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Wish branches: combining conditional branching and predication for adaptive predicated execution

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4 Author(s)
Hyesoon Kim ; Dept. of Electr. & Comput. Eng., Texas Univ., Austin, TX ; Mutlu, O. ; Stark, J. ; Patt, Y.N.

Predicated execution has been used to reduce the number of branch mispredictions by eliminating hard-to-predict branches. However, the additional instruction overhead and additional data dependencies due to predicated execution sometimes offset the performance advantage of having fewer mispredictions. We propose a mechanism in which the compiler generates code that can be executed either as predicated code or non-predicated code (i.e., code with normal conditional branches). The hardware decides whether the predicated code or the non-predicated code is executed based on a run-time confidence estimation of the branch's prediction. The code generated by the compiler is the same as predicated code, except the predicated conditional branches are NOT removed - they are left intact in the program code. These conditional branches are called wish branches. The goal of wish branches is to use predicated execution for hard-to-predict dynamic branches and branch prediction for easy-to-predict dynamic branches, thereby obtaining the best of both worlds. We also introduce a class of wish branches, called wish loops, which utilize predication to reduce the misprediction penalty for hard-to-predict backward (loop) branches. We describe the semantics, types, and operation of wish branches along with the software and hardware support required to generate and utilize them. Our results show that wish branches decrease the average execution time of a subset of SPEC INT 2000 benchmarks by 14.2% compared to traditional conditional branches and by 13.3% compared to the best-performing predicated code binary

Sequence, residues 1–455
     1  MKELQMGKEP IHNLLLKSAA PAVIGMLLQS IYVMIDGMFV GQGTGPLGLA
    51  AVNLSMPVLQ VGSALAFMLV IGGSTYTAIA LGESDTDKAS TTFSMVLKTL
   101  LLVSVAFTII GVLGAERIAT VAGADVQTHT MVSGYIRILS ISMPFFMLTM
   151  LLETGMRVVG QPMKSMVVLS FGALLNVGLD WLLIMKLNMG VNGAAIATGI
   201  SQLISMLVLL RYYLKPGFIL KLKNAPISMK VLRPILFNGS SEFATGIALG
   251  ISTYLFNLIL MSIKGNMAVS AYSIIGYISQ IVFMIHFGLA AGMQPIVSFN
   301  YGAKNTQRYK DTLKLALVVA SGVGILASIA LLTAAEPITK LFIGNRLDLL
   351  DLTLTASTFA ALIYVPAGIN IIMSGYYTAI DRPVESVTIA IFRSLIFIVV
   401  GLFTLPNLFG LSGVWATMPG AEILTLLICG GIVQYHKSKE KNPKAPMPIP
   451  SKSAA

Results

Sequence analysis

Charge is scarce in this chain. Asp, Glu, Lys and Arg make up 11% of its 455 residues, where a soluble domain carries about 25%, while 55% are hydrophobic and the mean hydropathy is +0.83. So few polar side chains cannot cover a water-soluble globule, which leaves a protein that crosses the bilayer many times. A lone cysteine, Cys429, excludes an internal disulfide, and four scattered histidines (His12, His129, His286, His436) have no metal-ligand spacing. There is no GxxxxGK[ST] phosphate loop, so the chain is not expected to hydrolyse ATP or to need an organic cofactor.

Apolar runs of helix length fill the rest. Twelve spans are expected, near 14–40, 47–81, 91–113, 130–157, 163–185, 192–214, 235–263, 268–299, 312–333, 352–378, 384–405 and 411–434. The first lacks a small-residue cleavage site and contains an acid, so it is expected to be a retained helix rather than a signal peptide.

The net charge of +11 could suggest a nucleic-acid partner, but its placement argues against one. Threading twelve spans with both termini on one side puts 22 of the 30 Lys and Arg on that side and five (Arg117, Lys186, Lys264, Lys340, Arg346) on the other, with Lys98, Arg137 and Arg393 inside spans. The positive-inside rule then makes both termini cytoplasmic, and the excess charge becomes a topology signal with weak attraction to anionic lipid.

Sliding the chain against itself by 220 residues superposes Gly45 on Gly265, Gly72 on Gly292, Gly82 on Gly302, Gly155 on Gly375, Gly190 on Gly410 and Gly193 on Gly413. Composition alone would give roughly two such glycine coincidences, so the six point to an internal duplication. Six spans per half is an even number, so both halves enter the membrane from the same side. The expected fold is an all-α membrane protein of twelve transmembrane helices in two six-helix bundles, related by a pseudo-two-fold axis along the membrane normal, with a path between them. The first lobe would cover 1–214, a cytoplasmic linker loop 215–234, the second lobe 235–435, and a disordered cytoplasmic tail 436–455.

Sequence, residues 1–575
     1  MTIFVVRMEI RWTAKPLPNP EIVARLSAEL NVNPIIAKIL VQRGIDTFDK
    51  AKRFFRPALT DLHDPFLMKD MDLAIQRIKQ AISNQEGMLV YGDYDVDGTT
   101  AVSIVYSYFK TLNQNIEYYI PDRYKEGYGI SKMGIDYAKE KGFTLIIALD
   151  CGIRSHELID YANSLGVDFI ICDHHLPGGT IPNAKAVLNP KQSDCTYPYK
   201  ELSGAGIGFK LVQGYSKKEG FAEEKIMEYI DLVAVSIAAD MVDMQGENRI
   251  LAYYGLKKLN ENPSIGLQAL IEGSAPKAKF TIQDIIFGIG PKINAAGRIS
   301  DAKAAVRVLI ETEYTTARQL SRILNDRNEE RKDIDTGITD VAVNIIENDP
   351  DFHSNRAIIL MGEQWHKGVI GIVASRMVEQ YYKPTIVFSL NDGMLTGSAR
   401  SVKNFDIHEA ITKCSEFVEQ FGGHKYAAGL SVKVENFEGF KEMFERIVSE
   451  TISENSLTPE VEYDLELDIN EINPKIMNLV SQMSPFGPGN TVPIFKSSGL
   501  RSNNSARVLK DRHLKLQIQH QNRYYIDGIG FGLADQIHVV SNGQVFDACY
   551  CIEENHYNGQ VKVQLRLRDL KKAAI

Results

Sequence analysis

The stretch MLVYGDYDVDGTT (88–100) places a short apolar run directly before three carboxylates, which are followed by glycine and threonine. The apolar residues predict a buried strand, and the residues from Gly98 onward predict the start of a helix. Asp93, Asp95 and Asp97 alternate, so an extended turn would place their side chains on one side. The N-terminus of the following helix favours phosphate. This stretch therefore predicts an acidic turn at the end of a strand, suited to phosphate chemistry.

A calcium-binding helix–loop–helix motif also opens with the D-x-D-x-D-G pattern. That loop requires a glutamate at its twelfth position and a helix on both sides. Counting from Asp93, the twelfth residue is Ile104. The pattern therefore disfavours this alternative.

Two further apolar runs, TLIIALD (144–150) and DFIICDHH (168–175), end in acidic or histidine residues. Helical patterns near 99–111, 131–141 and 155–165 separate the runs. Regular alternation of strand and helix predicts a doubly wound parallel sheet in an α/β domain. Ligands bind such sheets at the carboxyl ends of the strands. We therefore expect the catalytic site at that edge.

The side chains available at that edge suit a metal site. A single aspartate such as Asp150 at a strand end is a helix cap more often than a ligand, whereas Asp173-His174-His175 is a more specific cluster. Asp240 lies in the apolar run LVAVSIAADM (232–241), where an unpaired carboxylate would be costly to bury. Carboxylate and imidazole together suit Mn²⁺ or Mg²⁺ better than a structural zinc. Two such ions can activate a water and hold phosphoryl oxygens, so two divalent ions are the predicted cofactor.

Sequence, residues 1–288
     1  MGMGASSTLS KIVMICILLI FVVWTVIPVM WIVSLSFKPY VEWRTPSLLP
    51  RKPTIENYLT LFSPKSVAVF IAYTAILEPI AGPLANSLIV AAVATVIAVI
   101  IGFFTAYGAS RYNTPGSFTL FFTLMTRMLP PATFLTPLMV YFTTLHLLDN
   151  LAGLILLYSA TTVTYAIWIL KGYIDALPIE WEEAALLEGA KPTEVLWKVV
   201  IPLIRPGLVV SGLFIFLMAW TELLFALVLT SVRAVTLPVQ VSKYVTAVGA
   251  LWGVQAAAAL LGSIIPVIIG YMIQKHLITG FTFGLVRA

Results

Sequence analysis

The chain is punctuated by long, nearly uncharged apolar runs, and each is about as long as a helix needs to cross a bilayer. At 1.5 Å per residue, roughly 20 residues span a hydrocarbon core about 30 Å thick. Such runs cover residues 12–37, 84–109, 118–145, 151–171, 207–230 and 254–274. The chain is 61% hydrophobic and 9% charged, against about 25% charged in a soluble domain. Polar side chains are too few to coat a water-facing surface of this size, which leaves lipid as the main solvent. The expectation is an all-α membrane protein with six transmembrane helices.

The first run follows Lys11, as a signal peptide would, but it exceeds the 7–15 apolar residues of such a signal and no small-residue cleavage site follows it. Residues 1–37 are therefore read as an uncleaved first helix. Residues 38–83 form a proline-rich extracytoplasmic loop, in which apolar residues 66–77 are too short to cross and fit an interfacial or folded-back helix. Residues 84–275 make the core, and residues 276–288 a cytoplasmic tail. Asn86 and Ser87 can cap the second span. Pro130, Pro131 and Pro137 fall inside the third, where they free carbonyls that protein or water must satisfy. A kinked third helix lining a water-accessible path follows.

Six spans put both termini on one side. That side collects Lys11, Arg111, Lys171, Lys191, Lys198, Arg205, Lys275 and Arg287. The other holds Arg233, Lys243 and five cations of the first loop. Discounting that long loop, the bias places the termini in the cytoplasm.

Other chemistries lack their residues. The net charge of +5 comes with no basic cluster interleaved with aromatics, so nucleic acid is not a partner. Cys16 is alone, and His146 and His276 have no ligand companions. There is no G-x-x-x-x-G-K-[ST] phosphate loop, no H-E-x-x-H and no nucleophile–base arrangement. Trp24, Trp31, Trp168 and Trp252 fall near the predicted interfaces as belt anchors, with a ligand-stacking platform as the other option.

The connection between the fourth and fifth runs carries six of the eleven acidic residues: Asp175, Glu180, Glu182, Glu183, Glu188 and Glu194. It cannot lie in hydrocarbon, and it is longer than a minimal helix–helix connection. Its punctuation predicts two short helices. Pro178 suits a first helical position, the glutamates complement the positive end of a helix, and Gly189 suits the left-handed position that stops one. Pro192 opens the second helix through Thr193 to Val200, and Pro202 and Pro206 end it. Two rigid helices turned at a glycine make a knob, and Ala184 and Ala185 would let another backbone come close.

Published in:

Microarchitecture, 2005. MICRO-38. Proceedings. 38th Annual IEEE/ACM International Symposium on

Date of Conference:

16-16 Nov. 2005

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